Michael Schnier : First: I don't really think in terms of brands, but I have read Animal Liberation and a few of Francione's essays. I do like Francione's appeal to sentience and Singer's arguments for applying empathy to animals. I'm not so crazy about Utilitarianism, but that doesn't really undercut Singer's arguments for including animals as subjects we can be ethically concerned about. I've also done a fair bit of reading in philosophy of mind. As for the second: If someone's that concerned about what the Christian bible says about what the role of an animal is, I wouldn't think an argument from health is going to affect them much. What are you going to persuade them with? Scientific evidence? Maybe I'm an optimist, but I try to reason with people honestly.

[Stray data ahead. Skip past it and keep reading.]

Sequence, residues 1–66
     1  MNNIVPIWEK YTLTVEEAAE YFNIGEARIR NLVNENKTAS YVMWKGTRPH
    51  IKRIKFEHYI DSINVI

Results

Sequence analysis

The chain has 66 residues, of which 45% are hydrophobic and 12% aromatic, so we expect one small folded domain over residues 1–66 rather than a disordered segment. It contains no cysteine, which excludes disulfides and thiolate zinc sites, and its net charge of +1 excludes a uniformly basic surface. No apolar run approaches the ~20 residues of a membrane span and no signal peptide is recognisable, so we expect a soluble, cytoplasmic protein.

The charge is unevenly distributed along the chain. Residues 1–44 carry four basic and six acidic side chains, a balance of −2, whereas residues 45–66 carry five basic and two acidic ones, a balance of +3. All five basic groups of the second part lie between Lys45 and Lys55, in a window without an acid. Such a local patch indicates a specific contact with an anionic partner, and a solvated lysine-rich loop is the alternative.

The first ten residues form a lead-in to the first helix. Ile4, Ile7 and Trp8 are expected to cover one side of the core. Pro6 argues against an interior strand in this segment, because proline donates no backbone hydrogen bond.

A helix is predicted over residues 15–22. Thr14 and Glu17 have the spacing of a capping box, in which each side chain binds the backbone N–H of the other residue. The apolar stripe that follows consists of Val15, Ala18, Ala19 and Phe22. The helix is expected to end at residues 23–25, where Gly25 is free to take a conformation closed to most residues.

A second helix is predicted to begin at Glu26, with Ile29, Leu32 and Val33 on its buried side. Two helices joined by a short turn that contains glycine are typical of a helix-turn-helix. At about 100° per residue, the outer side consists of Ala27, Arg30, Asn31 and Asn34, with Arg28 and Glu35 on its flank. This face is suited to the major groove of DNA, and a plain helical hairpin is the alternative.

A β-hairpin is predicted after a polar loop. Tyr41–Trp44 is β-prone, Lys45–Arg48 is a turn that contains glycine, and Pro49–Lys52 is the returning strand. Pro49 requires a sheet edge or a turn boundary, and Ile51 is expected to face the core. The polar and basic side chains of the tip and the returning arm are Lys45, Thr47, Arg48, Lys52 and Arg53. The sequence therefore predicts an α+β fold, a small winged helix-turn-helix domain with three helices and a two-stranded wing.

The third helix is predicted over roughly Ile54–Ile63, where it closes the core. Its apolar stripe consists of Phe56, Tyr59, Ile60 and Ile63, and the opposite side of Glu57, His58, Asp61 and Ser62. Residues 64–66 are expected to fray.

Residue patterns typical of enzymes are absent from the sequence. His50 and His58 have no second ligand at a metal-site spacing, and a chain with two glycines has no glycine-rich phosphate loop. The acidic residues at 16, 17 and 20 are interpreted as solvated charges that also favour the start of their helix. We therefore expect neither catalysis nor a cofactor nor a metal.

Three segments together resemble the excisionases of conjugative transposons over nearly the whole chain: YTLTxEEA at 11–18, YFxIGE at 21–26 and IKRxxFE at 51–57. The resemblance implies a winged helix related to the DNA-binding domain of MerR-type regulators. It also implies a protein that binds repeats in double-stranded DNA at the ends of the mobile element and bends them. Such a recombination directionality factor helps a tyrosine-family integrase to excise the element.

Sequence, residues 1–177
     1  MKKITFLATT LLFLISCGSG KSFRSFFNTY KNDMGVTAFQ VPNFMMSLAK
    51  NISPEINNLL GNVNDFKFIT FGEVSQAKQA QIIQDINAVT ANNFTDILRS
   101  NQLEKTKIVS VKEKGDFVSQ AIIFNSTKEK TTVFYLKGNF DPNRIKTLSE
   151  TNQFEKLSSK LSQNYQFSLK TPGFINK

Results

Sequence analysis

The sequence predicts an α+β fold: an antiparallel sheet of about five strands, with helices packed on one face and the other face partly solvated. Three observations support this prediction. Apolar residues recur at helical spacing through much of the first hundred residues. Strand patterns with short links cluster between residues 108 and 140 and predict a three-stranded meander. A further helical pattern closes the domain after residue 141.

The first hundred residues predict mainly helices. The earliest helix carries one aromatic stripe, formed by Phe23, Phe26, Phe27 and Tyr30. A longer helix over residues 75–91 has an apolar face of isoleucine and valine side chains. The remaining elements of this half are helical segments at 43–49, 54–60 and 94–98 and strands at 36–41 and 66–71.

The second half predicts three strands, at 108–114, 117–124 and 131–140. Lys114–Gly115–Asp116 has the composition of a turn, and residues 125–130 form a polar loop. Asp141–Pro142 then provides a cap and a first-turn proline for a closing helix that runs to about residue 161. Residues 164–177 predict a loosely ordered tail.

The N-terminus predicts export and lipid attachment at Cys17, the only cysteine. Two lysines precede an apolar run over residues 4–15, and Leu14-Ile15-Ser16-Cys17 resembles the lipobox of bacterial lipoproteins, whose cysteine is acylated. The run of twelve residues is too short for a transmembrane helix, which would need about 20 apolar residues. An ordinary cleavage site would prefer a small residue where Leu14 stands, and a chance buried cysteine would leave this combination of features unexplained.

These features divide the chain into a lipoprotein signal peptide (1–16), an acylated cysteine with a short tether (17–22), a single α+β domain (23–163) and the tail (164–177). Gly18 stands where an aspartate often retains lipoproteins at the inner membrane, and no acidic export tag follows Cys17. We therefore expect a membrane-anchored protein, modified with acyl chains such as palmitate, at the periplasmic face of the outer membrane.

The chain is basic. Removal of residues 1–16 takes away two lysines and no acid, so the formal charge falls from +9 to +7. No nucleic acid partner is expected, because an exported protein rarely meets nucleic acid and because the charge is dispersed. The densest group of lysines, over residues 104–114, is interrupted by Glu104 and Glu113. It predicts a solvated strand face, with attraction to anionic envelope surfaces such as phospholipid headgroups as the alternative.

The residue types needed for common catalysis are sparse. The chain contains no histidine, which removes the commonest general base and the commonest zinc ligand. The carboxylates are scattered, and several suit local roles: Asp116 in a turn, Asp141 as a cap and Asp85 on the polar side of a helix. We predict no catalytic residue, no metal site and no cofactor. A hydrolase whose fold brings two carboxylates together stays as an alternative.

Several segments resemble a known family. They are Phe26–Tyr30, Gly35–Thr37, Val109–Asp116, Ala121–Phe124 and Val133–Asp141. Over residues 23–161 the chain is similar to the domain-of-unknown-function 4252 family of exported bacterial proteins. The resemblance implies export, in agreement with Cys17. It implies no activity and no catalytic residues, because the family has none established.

Justin MacDonald : I myself am trying to find the most productive way to make veganism mainstream. More vegan options = more vegans. This is largely going to stem from more people being interested in eating a vegan diet... not everyone is as privileged as I am living in Seattle and literally being able to walk to Whole Foods as well as a totally vegan breakfast, pizza and convenience store. It is amazing. The food... everything. Anyway, perhaps you can help me hash out some of the issues with approaching people with primarily a moral, or ethical, based argument. First, do you align yourself with any particular professor of the area? Peter Singer, Gary Francione, etc? Second, how do you address the Bible/religion issue?